On the other hand, you might want to prepare for events which could lead to you slipping back into poor sleep hygiene. These might include being out socially at night a lot which could affect your sleep schedule. It might be long work days which cause you to feel overtired and lead to you taking naps or drinking a lot of caffeine. Just as with the stress factors we discussed, this will be personal to you and your lifestyle.
Learning how to cope with relapses
As well as learning how to lessen the chances of relapses occurring, a vital part of relapse prevention is learning how to cope with relapses when they occur. This helps you to tackle your insomnia, ensuring it’s short term and that you get back on track quickly. Let’s take a look at some of the strategies which might be used to help you do this.
Using a sleep diary
Just as you might have used a sleep diary in your earlier sessions of CBT-i, during relapse prevention, you may be taught to use a sleep diary if a relapse occurs. You might be given sleep diary templates or worksheets to take away with you to use in the future if you need them. Sleep diaries are detailed records of your sleep patterns. As explained in this article, they include factors such as, “your bedtime routine, approximate sleep onset times, awakenings at night, awakening in the morning, naps during the day and other factors that influence your sleep.”
Using a sleep diary if a relapse occurs helps you to get a clearer view of what has changed in your sleeping patterns. This will enable you to pinpoint behaviours or triggers which are causing your relapse. The more information you have, the better equipped you are to deal with the problem.
Having a relapse plan
It’s vital to have a plan detailing the steps you will take to cope with a relapse when one occurs. As explained here: “It’s helpful to have a plan to manage relapse when it occurs, and important to implement it early to settle symptoms, as when insomnia symptoms recur it can result in a return of anxiety about sleep which is one of the factors that worsens insomnia symptoms.”
Part of this plan will be going through the list you made of potential problems you might encounter. With the help of your provider, you’ll plan how to deal with each problem if they occur to prevent your insomnia from becoming chronic. You can keep the list you’ve made along with the solutions you’ve come up with so that you have clear guidance if you need it in the future.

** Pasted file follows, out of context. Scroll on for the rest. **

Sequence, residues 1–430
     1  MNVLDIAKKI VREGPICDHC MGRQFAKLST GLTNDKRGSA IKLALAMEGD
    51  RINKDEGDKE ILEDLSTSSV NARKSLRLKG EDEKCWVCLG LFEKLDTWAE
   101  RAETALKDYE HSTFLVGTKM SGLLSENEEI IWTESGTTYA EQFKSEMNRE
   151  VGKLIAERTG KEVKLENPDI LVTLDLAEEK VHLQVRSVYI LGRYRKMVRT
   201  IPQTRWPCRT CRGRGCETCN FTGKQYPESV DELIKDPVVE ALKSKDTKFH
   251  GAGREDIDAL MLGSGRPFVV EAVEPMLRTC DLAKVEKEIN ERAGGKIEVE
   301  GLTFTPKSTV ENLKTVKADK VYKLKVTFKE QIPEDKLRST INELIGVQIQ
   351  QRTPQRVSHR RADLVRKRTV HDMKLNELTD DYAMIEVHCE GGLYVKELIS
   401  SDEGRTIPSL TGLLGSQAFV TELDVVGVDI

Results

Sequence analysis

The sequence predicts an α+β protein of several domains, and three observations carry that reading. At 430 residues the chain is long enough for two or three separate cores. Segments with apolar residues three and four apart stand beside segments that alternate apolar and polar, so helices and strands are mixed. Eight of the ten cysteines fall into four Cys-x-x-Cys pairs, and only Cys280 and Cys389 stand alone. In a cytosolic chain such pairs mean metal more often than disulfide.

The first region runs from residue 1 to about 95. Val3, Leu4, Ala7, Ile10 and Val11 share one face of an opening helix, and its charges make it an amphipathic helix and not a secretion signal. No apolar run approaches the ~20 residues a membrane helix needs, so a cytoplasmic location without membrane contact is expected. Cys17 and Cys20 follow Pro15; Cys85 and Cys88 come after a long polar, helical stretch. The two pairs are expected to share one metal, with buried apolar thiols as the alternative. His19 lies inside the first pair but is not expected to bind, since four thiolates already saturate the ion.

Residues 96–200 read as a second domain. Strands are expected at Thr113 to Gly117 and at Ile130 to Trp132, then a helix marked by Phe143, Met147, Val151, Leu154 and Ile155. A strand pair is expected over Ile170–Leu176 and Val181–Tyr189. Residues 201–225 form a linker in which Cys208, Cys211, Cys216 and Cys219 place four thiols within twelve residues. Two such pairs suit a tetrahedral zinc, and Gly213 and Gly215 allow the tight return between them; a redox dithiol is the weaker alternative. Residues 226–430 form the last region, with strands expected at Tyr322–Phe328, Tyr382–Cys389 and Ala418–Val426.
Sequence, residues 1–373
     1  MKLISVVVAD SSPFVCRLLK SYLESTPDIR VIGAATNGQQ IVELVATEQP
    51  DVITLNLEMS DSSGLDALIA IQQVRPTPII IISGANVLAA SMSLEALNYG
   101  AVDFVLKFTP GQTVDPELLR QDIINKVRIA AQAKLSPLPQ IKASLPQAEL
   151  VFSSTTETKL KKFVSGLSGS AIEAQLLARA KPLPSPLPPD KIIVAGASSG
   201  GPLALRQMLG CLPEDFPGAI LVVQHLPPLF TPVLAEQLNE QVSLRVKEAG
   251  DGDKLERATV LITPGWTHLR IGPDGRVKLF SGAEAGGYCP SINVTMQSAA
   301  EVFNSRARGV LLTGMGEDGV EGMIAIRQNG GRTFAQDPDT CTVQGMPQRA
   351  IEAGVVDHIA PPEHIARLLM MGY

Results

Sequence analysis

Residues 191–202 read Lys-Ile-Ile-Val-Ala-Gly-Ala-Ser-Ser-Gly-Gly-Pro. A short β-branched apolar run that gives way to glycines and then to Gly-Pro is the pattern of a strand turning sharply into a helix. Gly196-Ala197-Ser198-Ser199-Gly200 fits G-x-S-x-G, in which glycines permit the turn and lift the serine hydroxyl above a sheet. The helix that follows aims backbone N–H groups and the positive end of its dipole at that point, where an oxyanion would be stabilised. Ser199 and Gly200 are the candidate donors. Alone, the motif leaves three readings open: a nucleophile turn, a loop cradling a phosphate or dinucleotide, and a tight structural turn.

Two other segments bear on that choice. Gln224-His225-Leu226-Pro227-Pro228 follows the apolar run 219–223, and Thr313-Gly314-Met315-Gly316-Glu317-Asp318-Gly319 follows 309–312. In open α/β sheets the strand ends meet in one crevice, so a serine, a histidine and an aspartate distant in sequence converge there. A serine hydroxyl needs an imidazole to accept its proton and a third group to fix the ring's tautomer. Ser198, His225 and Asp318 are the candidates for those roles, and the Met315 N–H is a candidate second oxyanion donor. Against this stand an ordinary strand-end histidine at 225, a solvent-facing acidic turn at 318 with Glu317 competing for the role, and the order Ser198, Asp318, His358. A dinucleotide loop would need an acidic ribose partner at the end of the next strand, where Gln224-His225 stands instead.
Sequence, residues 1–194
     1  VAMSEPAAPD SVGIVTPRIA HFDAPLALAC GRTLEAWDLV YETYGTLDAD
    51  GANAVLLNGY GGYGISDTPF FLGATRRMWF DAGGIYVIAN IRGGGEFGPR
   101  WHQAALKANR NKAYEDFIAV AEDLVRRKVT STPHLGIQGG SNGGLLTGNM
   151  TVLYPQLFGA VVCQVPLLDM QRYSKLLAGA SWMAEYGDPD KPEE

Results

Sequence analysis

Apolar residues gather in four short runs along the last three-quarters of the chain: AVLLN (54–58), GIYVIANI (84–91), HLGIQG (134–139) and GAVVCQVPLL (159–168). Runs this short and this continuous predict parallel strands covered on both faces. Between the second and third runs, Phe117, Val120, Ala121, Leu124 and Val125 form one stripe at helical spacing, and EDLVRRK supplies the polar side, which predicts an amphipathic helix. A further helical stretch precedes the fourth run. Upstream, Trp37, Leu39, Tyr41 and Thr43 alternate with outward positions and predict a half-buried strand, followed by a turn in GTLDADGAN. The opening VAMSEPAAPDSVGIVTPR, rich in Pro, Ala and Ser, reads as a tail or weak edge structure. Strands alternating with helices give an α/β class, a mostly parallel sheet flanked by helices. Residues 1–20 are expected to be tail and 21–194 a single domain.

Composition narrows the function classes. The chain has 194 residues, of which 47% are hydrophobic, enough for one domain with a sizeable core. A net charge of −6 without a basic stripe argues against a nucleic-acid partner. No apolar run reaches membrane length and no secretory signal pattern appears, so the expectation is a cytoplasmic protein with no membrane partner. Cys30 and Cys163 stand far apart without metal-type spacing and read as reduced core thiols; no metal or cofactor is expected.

Another part of your relapse plan is to have a ‘sleep action plan’. This details the steps you should take to use your CBT-i skills if insomnia occurs. You may be given a worksheet to fill out to note these steps so that you have them to hand to follow when you need them. Depending on your provider and your own choices as to what you feel will work best for you, your sleep action plan might include:
- Ensuring you are using good sleep hygiene and correcting any poor sleep hygiene practices
- Planning the relaxing activities you will do if you are awake during the night
- Tackling negative thoughts with cognitive restructuring techniques
- Using relaxation techniques to help you fall asleep at night, as well as to help you get back to sleep if you wake up during the night
- Using stimulus control: this will entail making sure you are keeping your bedroom for sleep, relaxation, and sex only
- Using sleep restriction: you may plan out a schedule of when you should go to bed and wake up according to restricted hours. You will also be given a plan to increase those hours as you begin to sleep restfully.
- Using paradoxical intention: you might plan out which paradoxical techniques you’ll use to ‘try’ to stay awake
Looking at relapse as an opportunity for learning
Finally, your provider might emphasise that relapses are likely and that they are not a sign of failure. It’s important to understand that relapses are likely, but as we mentioned earlier, they don’t mean your CBT-i has been ineffective. You might be encouraged to view relapses as an opportunity to learn. Relapses allow you to utilize your CBT-i skills, allowing you to gain more experience in tackling insomnia on your own. This is a chance to build confidence and learn that you are in control because you have the skills to tackle any bumps in the road in the future.
This article aptly concludes for us by stating relapse prevention: “seeks to prevent this misinterpretation (that relapses are a sign of failure) by representing relapses as prolapses. In other words, relapses are reinterpreted as opportunities for learning and improving coping skills. This perspective serves to keep relapses as time-limited and harmless as possible.”
Dr David Cunnington, (2015), “Why does insomnia relapse? What can be done?” Sleep Hub
Mental Help.net, (2020), “Relapse Prevention Therapy”.
Kris Pierce, (2015), “Have a plan to manage insomnia”. Sleep Hub.